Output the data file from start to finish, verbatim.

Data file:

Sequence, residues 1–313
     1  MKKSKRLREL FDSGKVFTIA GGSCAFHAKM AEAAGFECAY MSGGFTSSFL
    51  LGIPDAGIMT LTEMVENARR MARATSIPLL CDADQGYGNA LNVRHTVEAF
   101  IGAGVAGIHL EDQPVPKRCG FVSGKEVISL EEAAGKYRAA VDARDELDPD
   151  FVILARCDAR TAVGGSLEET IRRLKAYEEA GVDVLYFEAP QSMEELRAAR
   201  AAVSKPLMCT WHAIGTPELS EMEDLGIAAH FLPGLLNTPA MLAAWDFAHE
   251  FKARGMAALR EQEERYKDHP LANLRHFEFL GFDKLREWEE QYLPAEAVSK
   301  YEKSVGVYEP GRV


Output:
Sequence, residues 1–313
     1  MKKSKRLREL FDSGKVFTIA GGSCAFHAKM AEAAGFECAY MSGGFTSSFL
    51  LGIPDAGIMT LTEMVENARR MARATSIPLL CDADQGYGNA LNVRHTVEAF
   101  IGAGVAGIHL EDQPVPKRCG FVSGKEVISL EEAAGKYRAA VDARDELDPD
   151  FVILARCDAR TAVGGSLEET IRRLKAYEEA GVDVLYFEAP QSMEELRAAR
   201  AAVSKPLMCT WHAIGTPELS EMEDLGIAAH FLPGLLNTPA MLAAWDFAHE
   251  FKARGMAALR EQEERYKDHP LANLRHFEFL GFDKLREWEE QYLPAEAVSK
   301  YEKSVGVYEP GRV